One of the simplest, and often quickest, ways to add a serious depth of flavour to your cooking is to add wine, beer, spirits or other alcohols. Wine is one of the “must have” ingredients in my kitchen, used almost as regularly as other seasonings and flavourings such as salt and pepper, butter, oil, herbs, garlic etc. When used correctly, the alcohol itself cooks out so that you can use it even if you are a strict teetotaller, and it is therefore also safe for kids and anyone else on a booze-free regime.
This is not a “cooking with wine” recipe as such, but a general guide to alcohol in the kitchen: adapt and use where you like. I’ve used wine as the example throughout, but most is true about cooking with beer, spirits, fortified wine, cider etc.
Rule One: never cook with wine that is not good enough to drink. There is no such thing as “cooking wine.” Wine is used in cooking to add flavour, so why would you want to add flavours that are crude or second class? This doesn’t mean that you have to use expensive wines, even if your budget can stretch to it. Use good, everyday, drinking wine that you would happily pour into your glass to have with your dinner, or when lying back on the sofa with a good book. Furthermore, the majority of recipes do not call for a whole bottle of wine, so what else are you going to do with the rest of it than drink it? Wine does go off once opened, you know. Waste not, want not.
Rule Two: as I mentioned in the first paragraph, make sure the alcohol has a chance to cook off. Alcohol boils at a lower temperature than water (78C compared to 100C) so this is easily achieved: a minimum of a few minutes bubbling will do it, and of course in the majority of recipes the cooking time is far in excess of this. Just don’t chuck the booze in just before you serve, and you will be fine.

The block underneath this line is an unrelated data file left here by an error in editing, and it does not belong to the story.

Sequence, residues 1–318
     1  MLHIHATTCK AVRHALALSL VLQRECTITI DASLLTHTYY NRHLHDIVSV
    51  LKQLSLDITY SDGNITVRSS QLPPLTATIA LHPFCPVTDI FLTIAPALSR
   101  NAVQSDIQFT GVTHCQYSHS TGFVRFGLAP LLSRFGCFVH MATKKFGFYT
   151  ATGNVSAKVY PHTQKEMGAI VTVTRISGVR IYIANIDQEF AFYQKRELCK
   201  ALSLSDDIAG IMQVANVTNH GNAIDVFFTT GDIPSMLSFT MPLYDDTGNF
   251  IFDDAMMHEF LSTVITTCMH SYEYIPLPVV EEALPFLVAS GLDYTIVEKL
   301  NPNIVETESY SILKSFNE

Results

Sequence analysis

Rule Three: despite being told the contrary in so many classic recipes and methods, avoid marinating meats in wine or other alcohols (and, for that matter, citrus and vinegars etc) for very long. Yes, the wine will seep into the meat, adding flavour, but the alcohol also wants to bond with the moisture content, and will thus tend to dry it out. Use marinades that are mainly oil-based, and reserve the wine etc for the cooking.
Rule Four: where practical, use wine to deglaze the pan. After frying or roasting meats, fish, vegetables, or pretty much anything, add a glass or so to the hot pan, stirring and swirling up all those tasty sediments at the bottom, and let it reduce a little while the alcohol boils out. Add to your gravy, stew, stock, or just pour these winy pan juices over the finished dish.
Rule Five: substitute. Don’t forget that most wine cookery recipes come from countries and regions where wine is cheap, plentiful and easily available. Even though a decent drinkable wine is available to most budgets pretty much everywhere, why not substitute a form of alcohol that is local to you? I did exactly this recently in my Mussels with Chorizo in Cider recipe, using local cider where wine is a more knee-jerk choice.
A final cautionary note: alcohol can flame when added to a hot pan, so BE CAREFUL. Spirits will obviously do this, sometimes intentionally, as in flambé dishes, but the alcohol in wine too can rapidly vaporise and catch, along with fats released from your food, so do take care!
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